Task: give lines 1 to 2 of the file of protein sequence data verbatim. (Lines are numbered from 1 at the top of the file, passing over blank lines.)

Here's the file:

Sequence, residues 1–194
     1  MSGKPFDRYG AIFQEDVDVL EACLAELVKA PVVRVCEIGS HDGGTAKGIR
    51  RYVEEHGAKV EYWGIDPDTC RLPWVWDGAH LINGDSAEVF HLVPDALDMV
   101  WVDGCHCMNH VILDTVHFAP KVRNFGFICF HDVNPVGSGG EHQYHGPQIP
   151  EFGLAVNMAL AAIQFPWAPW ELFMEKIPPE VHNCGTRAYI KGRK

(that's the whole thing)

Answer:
Sequence, residues 1–194
     1  MSGKPFDRYG AIFQEDVDVL EACLAELVKA PVVRVCEIGS HDGGTAKGIR